There may be one other reason for the commission of a crime that is personality or mental disorders. The mental instability of person may fairly lead him/her to follow a sychopath, generally speaking people commit crime to fulfill some of their desire which cannot be fulfilled legally. By doing so they want to escape from the real world, at the time of the commission of the act they enjoy by realizing that their unconscious desires are fulfilled. So, at the time of commission of an act there are totally in a different state of mind, which is actually different from the normal or the real condition as like in the case of mental confusion. There may be two personality in the mind of the offender as like in the normal condition he may live as a vey innocent person, but at the time of the commission of the offence his mental state may be totally different, and he may commit brutal and heinous crime. The intelligence level of  the offender, his/her self control on his anger and sexual urge, his capacity to bear frustration, his decision making power in tough times, his relationship with family members and the other world are some of the factor behind criminal tendency and commission of crime; the list not completed, there may be so, so many other factors.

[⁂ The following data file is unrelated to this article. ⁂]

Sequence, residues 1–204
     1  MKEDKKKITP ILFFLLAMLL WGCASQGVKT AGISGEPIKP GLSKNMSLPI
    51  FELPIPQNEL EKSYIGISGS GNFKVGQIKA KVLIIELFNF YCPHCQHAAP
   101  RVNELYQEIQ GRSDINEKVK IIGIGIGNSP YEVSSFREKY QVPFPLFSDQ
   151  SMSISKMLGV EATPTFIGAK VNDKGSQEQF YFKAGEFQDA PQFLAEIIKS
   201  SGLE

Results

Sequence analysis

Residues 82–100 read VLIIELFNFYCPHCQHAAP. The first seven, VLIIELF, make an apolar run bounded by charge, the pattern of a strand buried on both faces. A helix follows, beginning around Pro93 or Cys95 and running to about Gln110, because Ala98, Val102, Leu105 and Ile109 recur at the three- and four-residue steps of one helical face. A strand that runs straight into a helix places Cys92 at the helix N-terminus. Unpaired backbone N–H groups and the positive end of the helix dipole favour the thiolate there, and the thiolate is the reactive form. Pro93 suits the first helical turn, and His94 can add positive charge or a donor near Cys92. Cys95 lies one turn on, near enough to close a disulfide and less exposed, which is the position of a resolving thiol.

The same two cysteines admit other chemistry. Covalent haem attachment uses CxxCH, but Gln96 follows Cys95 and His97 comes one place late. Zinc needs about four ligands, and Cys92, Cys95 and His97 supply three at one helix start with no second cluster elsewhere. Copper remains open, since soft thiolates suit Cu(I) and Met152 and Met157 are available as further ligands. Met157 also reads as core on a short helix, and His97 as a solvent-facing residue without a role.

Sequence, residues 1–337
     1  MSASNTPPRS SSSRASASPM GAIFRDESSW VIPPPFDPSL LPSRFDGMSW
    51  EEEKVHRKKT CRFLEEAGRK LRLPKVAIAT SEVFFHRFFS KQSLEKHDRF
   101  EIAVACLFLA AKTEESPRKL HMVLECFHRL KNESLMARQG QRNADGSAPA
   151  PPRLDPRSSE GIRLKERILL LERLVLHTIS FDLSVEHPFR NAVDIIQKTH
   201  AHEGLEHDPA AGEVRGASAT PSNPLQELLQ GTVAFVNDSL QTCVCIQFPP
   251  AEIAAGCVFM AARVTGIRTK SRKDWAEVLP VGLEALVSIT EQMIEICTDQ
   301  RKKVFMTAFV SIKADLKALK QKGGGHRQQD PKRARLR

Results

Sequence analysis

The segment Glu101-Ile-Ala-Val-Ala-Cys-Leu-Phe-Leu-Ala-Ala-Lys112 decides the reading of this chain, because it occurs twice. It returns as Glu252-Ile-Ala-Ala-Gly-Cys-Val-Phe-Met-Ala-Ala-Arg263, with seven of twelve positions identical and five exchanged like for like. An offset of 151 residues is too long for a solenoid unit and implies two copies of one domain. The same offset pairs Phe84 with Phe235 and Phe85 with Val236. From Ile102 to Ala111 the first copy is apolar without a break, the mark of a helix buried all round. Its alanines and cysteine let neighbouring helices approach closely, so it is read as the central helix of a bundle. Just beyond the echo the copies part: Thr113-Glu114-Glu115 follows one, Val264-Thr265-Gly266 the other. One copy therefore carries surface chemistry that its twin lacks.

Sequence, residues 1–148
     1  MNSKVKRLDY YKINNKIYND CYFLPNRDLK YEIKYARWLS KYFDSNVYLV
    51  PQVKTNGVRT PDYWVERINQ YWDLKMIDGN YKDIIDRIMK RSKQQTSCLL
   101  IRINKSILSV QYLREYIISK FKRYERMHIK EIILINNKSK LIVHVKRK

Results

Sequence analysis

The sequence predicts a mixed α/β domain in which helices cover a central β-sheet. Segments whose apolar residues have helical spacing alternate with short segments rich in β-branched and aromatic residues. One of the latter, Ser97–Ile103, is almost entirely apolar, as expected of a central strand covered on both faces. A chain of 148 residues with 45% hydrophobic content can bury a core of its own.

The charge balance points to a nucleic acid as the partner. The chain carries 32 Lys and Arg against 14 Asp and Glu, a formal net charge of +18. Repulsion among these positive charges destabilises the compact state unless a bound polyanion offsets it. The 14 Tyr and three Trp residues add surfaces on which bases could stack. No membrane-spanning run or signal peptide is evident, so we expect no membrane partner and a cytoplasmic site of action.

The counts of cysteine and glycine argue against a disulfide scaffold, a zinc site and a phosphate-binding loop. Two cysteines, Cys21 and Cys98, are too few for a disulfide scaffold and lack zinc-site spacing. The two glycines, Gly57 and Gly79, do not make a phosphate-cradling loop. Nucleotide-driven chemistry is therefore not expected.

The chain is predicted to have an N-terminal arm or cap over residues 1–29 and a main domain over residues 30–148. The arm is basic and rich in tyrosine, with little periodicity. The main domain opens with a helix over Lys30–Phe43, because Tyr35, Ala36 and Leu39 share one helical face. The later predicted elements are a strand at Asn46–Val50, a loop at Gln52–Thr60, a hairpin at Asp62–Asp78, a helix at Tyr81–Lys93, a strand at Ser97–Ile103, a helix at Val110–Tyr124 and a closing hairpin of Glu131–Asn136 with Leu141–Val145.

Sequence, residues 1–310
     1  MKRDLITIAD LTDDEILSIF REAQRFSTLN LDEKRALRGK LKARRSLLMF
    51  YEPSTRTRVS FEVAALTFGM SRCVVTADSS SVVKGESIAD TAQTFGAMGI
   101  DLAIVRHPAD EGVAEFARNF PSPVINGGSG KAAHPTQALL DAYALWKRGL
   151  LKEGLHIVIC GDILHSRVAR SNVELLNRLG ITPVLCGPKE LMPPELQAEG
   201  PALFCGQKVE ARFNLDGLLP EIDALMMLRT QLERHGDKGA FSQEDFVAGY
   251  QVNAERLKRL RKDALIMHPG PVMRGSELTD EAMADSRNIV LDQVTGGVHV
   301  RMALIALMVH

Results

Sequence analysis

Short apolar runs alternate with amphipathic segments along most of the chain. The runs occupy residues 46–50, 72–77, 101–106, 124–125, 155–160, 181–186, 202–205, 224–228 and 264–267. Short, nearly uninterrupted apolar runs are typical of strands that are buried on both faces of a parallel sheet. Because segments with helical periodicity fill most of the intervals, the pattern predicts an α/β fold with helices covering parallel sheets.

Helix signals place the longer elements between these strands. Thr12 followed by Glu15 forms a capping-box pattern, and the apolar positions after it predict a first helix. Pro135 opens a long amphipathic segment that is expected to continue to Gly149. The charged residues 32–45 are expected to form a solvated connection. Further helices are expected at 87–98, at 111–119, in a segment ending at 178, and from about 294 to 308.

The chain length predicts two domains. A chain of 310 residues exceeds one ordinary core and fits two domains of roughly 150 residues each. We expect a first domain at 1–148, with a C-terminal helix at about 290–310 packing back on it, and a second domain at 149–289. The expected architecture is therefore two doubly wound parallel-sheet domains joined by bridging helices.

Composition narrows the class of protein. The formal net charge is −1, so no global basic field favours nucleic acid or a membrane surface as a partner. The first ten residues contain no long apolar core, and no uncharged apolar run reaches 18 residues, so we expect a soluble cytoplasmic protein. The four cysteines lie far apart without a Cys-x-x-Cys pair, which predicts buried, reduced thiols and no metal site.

The law has to be legitimately concerned with the psychological reasons behind the commission, it is essential for the prevention of any further happening of a crime by the same individual or other individuals as like. A psychological reason may also be a cause to reducing the sentence of a particular crime; we can take simple example as if an act is committed under the influence of anger, tension, frustration etc then the punished would be lighter than the punished for a organized crime or a crime which was committed in a normal stage of mind. In the jails also, in the western world, new developments are taking place, as like treatment programme for anger management or sexual arousal. Although in India such type of facilities are not available but still in jails different type of programmes, prayers are arranges which is certainly a good step. Ultimately, a crime may also be a sychological product, and when it is so we have to remind that what was said by Mahatama Gandhi, the father of nation, “Crime is the outcome of a diseased mind and jail must have an environment of hospital for treatment and care”.